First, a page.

Home Investment

News and Articls

Industrial Investment in Europe is at its highest level in a decade.

In 2013, investments in European logistics and industrial markets totaled €15.2 billion, a 73 percent increase over the previous year and the second biggest volume in the last ten years. Cars 

According to a research from Jones Lang LaSalle, the share of logistics and industrial investment climbed to 10% of all commercial real estate volumes, up from a five-year average of 8%.

"An improving macroeconomic landscape, falling vacancy levels, a tightening of supply, and occupational demand driven by factors such as the continued growth of e-commerce and changing shape of retail markets" fueled the increase in volumes, according to Tom Waite, Director European Capital Markets at JLL. "As a result, a number of markets have seen lower yield moves, which we expect to continue in 2014."

Mr. Waite noted that the capacity to establish scale across the region, the return of finance availability, and the opportunity of capturing rental and capital growth continue to entice investors.

As the number of overseas investors seeking additional exposure expands, platform and portfolio agreements accounted for over half of the entire volume in 2013, up 130 percent year over year.

Inter-regional capital flows, on the other hand, grew by 77% from 2012 to €6.2 billion.

The traditional European markets of the United Kingdom, Germany, and France continued to dominate in 2013. Due to a dearth of excellent product and persistent yield compression in the top markets, investors looked for opportunities elsewhere.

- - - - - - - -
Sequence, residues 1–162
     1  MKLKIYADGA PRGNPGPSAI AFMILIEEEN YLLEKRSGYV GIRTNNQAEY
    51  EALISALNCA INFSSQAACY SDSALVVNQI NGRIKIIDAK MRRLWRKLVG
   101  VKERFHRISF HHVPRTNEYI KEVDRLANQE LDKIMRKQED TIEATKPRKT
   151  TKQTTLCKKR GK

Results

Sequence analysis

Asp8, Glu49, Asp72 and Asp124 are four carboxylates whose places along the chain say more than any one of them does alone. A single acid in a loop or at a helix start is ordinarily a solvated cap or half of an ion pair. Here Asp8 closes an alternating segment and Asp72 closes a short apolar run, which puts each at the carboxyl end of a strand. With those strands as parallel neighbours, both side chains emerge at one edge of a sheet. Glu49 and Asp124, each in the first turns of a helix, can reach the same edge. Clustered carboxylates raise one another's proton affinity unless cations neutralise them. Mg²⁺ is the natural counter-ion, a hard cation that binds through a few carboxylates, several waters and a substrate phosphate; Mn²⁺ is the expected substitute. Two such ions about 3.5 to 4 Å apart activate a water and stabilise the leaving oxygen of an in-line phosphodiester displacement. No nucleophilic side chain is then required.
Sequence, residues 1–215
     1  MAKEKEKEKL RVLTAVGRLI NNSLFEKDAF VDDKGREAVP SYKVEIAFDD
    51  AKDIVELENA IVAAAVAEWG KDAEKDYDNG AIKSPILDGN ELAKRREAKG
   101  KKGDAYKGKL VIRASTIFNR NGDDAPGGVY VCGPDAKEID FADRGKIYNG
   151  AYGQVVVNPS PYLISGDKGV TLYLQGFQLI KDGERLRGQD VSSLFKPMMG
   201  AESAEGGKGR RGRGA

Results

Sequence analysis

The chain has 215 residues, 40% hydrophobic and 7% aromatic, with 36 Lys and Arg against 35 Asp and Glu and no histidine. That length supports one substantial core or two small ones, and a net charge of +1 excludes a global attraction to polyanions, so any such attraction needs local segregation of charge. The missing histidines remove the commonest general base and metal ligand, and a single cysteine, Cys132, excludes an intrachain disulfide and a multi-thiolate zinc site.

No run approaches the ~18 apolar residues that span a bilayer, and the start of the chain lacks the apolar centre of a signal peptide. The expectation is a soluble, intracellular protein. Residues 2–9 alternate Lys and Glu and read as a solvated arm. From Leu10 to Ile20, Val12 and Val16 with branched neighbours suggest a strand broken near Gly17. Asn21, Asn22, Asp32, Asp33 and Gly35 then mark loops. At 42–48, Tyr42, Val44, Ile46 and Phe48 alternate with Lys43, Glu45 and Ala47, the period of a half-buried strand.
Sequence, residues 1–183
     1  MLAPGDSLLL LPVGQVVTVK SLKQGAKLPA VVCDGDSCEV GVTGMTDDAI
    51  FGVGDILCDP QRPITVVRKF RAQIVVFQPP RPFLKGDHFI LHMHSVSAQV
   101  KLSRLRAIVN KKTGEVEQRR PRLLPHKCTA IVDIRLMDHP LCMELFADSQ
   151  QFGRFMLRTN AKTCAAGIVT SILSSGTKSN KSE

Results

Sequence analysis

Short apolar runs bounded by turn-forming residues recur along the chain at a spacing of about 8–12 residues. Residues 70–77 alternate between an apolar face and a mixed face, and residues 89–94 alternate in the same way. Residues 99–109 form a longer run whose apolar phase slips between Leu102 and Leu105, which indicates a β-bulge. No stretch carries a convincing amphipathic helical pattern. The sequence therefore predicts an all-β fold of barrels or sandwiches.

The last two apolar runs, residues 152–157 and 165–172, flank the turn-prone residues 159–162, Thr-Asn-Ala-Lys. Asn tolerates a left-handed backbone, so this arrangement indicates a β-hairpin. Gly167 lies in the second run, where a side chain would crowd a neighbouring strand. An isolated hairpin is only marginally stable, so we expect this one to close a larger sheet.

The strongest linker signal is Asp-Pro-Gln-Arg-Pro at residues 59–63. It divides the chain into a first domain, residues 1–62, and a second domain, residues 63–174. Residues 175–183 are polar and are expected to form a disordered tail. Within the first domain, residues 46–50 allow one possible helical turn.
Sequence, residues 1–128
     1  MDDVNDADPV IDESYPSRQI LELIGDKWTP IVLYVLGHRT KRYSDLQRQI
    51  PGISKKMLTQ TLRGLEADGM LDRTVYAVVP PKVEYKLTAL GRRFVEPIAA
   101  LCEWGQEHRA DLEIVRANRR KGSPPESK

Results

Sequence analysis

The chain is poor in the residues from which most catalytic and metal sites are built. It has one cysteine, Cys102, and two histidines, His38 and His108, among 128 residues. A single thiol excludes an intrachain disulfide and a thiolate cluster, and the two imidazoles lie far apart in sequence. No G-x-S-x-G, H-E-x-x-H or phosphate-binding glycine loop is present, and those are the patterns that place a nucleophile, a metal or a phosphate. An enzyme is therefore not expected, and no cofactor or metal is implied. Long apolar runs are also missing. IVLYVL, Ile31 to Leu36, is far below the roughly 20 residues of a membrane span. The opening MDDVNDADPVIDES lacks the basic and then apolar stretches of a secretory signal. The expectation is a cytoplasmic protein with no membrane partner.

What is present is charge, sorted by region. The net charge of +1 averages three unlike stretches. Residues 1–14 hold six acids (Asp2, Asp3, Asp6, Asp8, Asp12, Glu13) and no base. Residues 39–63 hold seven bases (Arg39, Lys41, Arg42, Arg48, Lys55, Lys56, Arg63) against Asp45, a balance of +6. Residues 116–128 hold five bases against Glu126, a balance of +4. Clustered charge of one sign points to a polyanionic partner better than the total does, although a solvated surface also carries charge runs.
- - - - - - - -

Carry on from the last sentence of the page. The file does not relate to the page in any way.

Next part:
Outside of the top three markets, investment volumes accounted for 45 percent of all volumes in 2013, up from 30 percent in 2012.

The Nordic countries and the Benelux raised their investment volumes by a significant 84 percent and 44 percent, respectively, for the full year. Russia, on the other hand, saw €800 million in deals last year, with a small number of domestic investors dominating.

Strong investor demand in the fourth quarter of 2013 pushed the weighted European average yield up 10 basis points to 7.30 percent.

Occupier demand for logistics units is expected to exceed the 2006 peak of €16 billion this year, according to the business, with structural change in supply networks driving occupier demand for logistics facilities.

"In the short term, this shift will be led by evolving e-commerce marketplaces, as retailers are increasingly required to provide an omni-channel retail experience to their customers in order to remain competitive," said Alexandra Tornow, JLL's Head of EMEA Logistics & Industrial Research. "In addition, we are already seeing numerous other trends emerge in the medium term that will have an increasing impact on logistics real estate plans, such as 3D printing and climate change."

Go Back


Blog Search


There are currently no blog comments.